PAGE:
As an Australian who has grown up eating Violet Crumbles and Crunchies, I had no choice but to start my foray into confectionery with honeycomb.
Also referred to as sponge toffee, foam toffee, cinder toffee and hokey pokey, honeycomb is generally made from sugar, golden syrup and baking soda.
It’s a bit of fun chemistry-wise and I found an excellent article that talks through the science of it all – http://www.theguardian.com/science/blog/2010/sep/24/sugar-honeycomb-cinder-toffee.
The main things that jumped out at me, and are sure to be helpful in the coming weeks, were:
The temperature of the sugar syrup will affect the consistency of your confectionery. For example, at 113C you make fudge, at 132C you make chewy toffee and at 149C and above you make hard sweets.
For this recipe, the author recommends that you heat the sugar syrup to 140-150C so that you get a good crack rather than a chew. However, if you’re feeling adventurous you can play around with the heat until you get the consistency you prefer.
Role of bi-carb soda
The heat of the sugar causes the bi-carb soda to break down, releasing carbon dioxide. This carbon dioxide makes the syrup bubble and foam like crazy and leave you with a toffee that is aerated.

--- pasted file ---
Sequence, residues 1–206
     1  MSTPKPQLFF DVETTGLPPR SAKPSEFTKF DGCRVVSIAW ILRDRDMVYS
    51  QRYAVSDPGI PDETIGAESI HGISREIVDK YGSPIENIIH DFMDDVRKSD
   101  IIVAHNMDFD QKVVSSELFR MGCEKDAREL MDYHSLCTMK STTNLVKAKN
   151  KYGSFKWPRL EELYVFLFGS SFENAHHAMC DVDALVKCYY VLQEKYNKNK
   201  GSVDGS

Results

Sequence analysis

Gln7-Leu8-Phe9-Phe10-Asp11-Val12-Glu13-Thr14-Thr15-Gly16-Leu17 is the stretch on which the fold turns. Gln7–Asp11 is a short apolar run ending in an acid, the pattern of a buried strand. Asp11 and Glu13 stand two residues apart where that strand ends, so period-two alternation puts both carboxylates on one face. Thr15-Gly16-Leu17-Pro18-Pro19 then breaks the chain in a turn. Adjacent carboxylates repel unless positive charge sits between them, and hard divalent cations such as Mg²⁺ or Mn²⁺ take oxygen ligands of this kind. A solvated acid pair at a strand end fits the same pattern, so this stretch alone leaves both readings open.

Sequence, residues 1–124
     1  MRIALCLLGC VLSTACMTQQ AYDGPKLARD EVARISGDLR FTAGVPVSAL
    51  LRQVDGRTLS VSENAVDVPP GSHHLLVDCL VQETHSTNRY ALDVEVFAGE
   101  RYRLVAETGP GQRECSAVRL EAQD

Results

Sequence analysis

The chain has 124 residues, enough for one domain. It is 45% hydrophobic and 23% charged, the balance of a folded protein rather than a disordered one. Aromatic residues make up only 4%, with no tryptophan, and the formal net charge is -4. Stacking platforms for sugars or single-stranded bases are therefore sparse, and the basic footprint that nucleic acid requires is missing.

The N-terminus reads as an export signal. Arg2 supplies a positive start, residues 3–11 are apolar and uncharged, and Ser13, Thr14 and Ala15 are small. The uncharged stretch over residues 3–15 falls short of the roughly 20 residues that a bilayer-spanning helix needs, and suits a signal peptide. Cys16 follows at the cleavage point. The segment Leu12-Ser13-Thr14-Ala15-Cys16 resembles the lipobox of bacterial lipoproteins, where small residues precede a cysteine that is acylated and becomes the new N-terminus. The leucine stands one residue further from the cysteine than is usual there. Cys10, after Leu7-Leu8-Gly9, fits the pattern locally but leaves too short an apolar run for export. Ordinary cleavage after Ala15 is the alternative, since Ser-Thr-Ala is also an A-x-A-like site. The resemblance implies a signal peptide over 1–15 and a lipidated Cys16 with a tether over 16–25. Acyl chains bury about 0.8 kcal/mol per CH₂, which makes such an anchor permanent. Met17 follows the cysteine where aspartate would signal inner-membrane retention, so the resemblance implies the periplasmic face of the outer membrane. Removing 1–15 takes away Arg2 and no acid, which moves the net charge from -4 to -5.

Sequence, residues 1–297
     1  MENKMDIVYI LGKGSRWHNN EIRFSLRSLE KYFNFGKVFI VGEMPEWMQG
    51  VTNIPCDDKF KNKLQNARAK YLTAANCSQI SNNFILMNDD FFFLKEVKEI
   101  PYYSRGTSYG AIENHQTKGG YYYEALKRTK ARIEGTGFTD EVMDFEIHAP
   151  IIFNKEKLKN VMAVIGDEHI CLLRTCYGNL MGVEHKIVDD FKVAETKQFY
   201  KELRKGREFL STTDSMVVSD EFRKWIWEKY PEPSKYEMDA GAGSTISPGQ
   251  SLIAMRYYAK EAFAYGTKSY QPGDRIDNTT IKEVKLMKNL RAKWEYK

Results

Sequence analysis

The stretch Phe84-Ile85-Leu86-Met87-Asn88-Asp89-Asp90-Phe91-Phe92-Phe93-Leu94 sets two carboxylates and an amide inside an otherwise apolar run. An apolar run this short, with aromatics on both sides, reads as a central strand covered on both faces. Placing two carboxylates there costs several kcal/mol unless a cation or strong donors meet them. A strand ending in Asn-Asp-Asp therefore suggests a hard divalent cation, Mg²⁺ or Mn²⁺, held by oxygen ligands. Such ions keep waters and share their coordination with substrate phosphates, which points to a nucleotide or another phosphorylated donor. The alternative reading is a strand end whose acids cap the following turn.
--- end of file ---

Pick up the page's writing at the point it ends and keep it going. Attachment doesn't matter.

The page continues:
The golden syrup can be replaced by glucose syrup or honey (which I’ve seen in other recipes) but it’s basically there to prevent crystallisation as the sugar cools. This creates non-crystalline confectionery like brittles, caramels and toffees rather than crystalline confectionery like fondants, fudges and dragées (more on those later).
If you’re planning on making honeycomb, or any other confectionery, I’d definitely recommend having a candy thermometer on hand!
Mine tasted delicious but didn’t have quite the rise and bubble that I wanted. But hey it’s a first attempt and I’ll be more than happy to keep eating the spoils in the meantime.
Honeycomb (courtesy of Andy Connelly)
100g caster sugar
3 tablespoons of golden syrup
1 teaspoon of bicarbonate of soda
Mix the caster sugar and golden syrup together in a heavy bottomed pan large enough to accommodate the rising sugar when it bubbles up.
Put the pan on a low heat stirring with a wooden spoon until all the sugar crystals have dissolved, at this point stop stirring and heat until 145-150C.
Add the bicarbonate of soda, take off the heat, and stir.
Quickly pour the gooey bubbling mixture onto a baking tray covered with grease proof paper or greased foil. (I used a silicon mat)
Leave to cool then transfer to an air-tight container (or your mouth). Or you can cover it in chocolate and then eat it.